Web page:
Herbs: What are herbs? Common Herbs. Health Benefits of Herbs
Herbs have been used for thousands of years to flavor and preserve food, treat ailments, ward off pests and diseases, freshen the air, and decorate and enhance our lives. Over the centuries they have also become associated with fascinating myths, legends, and folklore.
What are herbs?
What are herbs? To a botanist living in the temperate region, an herb is simply an herbaceous plant — that is, a plant that does not produce persistent woody tissue and usually dies back in winter. Height isn’t a factor. One of the largest herbaceous plants, the banana — which does not produce a woody stem, but rather a fleshy “pseudostem” — can grow to 20 feet tall or more.
To a chef, the definition is completely different: An herb is any of a vast number of aromatic or savory plants used to add flavor and character to foods. To a gardener, an herb is a delightful, easy-to-grow addition to the landscape, perennial border, or terrace urn. And to anyone who uses plants medicinally, an herb is a plant or plant part that helps promote health and healing when it’s either taken internally or applied externally.
Yet none of these definitions wholly describes the many attributes of an “herb.” The botanist’s definition of an herb — any “nonwoody” plant — does not encompass many plants known today as “medicinal herbs” or “botanicals.” Medicinal herbs come from all kinds of plants: trees, shrubs, vines, grasses, and ferns — as well as mushrooms, lichens, mosses, and seaweeds. The chef’s emphasis on flavor does not address the powerful medicinal properties of many common culinary herbs, such as garlic, ginger, turmeric, and cayenne. And the ornamental gardener does not consider the value of dandelion for cooking, healing, or making dyes — she’s far more likely to dig out this herb as a “weed” than to plant it.
So just what is an herb — a nonwoody plant, culinary staple, garden ornamental, health-promoting remedy, or a weed? The answer is all of the above, depending on the plant and how it is used. Indeed, usefulness could be the most defining characteristic of an herb: An herb is a plant that humans use, or have used, to enhance their lives.
Health Benefits of Herbs
Herbs have been used since ancient times for their medicinal properties, mostly concentrated into teas and tinctures. More recently, their healthful value as a food ingredient has been realized. For one, herbs add a burst of flavor to food, allowing you to cut back on salt without sacrificing taste. And several herbs, including parsley, have significant amounts of the essential vitamins A, C and K.
But the true power of herbs lies in their wealth of protective polyphenols — plant compounds with potent antioxidant and anti-inflammatory effects. Piles of studies show that polyphenols in herbs help combat such diseases as cancer, heart disease, Alzheimer’s, diabetes and more. Polyphenols are anti-microbial, so they can help protect us from harmful bacteria as well. Although many of the studies on herbs’ effects have involved concentrated solutions of the leaves’ active components, there is evidence that their benefits still apply when they are cooked and eaten as part of a regular meal, too.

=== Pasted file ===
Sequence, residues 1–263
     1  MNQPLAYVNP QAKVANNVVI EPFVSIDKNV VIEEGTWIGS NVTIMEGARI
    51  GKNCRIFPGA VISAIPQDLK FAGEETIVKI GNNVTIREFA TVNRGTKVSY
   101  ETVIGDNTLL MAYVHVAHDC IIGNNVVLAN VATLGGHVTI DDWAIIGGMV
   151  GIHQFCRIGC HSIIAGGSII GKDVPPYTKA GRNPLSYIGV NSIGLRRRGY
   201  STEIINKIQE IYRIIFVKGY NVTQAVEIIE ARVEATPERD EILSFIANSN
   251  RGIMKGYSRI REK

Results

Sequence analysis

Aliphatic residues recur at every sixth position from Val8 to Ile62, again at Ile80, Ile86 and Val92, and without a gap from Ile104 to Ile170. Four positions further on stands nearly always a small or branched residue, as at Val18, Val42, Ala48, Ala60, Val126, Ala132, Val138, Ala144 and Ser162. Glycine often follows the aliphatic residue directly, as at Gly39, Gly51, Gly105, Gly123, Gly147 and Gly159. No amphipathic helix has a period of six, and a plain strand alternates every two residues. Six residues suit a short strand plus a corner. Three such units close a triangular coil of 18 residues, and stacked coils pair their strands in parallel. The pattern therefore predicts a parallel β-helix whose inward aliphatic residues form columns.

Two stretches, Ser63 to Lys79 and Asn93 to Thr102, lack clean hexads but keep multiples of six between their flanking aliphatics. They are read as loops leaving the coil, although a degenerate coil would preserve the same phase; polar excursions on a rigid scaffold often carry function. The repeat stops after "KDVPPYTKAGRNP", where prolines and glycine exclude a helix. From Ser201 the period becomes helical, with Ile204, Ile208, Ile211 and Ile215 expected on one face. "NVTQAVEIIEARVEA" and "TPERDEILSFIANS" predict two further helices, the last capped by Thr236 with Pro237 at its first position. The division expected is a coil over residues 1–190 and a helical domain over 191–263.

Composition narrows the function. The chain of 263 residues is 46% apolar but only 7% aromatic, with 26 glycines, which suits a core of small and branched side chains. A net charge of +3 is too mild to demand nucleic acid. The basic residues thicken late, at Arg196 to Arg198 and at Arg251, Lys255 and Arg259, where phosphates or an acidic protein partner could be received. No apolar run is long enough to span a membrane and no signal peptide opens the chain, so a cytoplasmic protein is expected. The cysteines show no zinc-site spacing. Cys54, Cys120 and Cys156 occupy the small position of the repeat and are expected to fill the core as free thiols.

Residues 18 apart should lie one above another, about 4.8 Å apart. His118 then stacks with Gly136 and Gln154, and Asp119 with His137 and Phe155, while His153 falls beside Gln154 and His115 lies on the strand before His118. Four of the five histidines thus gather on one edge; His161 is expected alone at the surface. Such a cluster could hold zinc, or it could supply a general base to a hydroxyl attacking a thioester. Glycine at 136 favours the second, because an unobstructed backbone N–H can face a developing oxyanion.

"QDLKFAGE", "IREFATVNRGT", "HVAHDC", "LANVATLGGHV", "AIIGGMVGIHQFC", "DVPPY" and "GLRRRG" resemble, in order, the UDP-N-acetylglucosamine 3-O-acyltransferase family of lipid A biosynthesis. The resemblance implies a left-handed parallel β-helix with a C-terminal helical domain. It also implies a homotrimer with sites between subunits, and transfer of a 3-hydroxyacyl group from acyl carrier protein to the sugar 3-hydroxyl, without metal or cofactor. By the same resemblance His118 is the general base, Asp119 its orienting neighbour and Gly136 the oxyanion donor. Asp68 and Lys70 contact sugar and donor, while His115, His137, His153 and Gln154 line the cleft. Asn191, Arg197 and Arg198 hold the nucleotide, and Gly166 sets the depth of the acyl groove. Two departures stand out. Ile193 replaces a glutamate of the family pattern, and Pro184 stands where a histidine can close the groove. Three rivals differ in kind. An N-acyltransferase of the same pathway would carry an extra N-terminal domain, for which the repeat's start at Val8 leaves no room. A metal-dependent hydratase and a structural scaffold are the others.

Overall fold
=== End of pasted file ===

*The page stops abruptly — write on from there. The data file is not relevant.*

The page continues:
Herbs as Medicine
Traditional healers use herbal medicines in myriad ways as part of an overall system or approach to wellness. Often, they rely on combinations of herbs called formulas, which they can tailor to the specific needs of a patient. Traditional health-care systems that rely on whole plant medicines — herbal remedies in their most natural forms — include traditional Chinese medicine (TCM), Ayurvedic medicine, Tibetan medicine, and the traditional medicines of Africa, South and Central America, the Pacific Islands, and Australia. Some of these healing systems have existed for millennia. Whole plant medicines are also used in Western herbalism, a system of herbal therapeutics that evolved in Europe and North America.
Herbs for Beauty and Bath
Since the earliest days of recorded history, people have used herbs and other plant ingredients to beautify and scent their skin, hair, and nails. Ancient records reveal recipes for fragrant hair treatments, healing herb-infused oils, and tonics for longevity and youthful appearance. Botanical cosmetics have been discovered in the tombs of ancient Egyptians, and legendary beauties Cleopatra and Nefertiti are reputed to have claimed aloe as one of their antiaging secrets. For centuries, Indian women have decorated their hair and skin with henna and anointed their bodies with fragrant botanical oils and herbs such as turmeric. Hippocrates (460–377 BCE), an ancient Greek physician, studied the link between health and beauty and is credited with developing the science of dermatology.
Today, herbs are no less popular as cosmetic ingredients. Herbs and other botanical ingredients — from gentle, emollient vegetable oils to fruits rich in skin-softening plant compounds — offer an alternative to the harsh chemicals found in many synthetically based commercial beauty and hair-and skin-care products. Equally important, they provide exquisite natural fragrances that uplift the spirit, rejuvenate the body, and add to personal allure.
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